Poll: More Americans support gay marriage than oppose it
May 1, 2009
We had a busy day on the blog yesterday, but we didn't overlook that new ABC News/Washington Post poll that found support for gay marriage at a new national high. The poll was conducted by telephone April 21-24, 2009, among a random national sample of 1,072 adults. For the first time in an ABC/Post poll, more Americans support marriage equality than oppose it:
Take gay marriage, legal in Massachusetts, Connecticut and now Iowa, with Vermont coming aboard in September. At its low, in 2004, just 32 percent of Americans favored gay marriage, with 62 percent opposed. Now 49 percent support it versus 46 percent opposed -- the first time in ABC/Post polls that supporters have outnumbered opponents. More than half, moreover -- 53 percent -- say gay marriages held legally in another state should be recognized as legal in their states. The surprise is that the shift has occurred across ideological groups. While conservatives are least apt to favor gay marriage, they've gone from 10 percent support in 2004 to 19 percent in 2006 and 30 percent now -- overall a 20-point, threefold increase, alongside a 13-point gain among liberals and 14 points among moderates. (Politically, support for gay marriage has risen sharply among Democrats and independents alike, while far more slightly among Republicans.) .... Across the spectrum, 75 percent of secular Americans favor gay marriage, 55 percent strongly; so do 71 percent of liberal Democrats, 57 percent strongly; and 71 percent of all liberals, 54 percent strongly. Among all Democrats, 62 percent are in favor; among all Republicans, 74 percent are opposed. The middle makes a significant difference: Fifty-four percent of moderates and 52 percent of independents now favor gay marriage, up from 38 and 44 percent, respectively, in 2006. But the single biggest shift has come among moderate and conservative Democrats: in 2006, just 30 percent in this group said gay marriage should be legal. Today it's 57 percent. One other very pronounced difference is by age: Sixty-six percent of adults under age 30 support gay marriage. That drops to 48 percent of adults age 30 to 64 and plummets to just 28 percent among senior citizens.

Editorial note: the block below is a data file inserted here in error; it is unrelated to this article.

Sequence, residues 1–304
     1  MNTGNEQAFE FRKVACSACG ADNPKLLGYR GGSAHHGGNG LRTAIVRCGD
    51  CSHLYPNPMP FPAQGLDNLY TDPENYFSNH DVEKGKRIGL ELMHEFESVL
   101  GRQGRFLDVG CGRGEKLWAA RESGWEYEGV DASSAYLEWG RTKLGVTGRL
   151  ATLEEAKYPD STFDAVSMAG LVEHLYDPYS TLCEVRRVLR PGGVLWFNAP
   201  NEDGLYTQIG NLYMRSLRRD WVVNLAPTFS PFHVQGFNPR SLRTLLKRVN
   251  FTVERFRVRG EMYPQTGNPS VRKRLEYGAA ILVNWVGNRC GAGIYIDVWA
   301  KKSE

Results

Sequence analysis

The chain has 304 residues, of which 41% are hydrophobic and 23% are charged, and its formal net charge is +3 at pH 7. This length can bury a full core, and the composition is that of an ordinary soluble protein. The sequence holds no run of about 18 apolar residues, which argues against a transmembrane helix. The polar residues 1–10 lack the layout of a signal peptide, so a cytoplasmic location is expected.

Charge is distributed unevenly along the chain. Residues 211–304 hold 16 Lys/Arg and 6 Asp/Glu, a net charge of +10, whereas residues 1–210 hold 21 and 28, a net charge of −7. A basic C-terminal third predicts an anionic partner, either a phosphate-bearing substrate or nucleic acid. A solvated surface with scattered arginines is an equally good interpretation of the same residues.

Did someone say, momentum for marriage?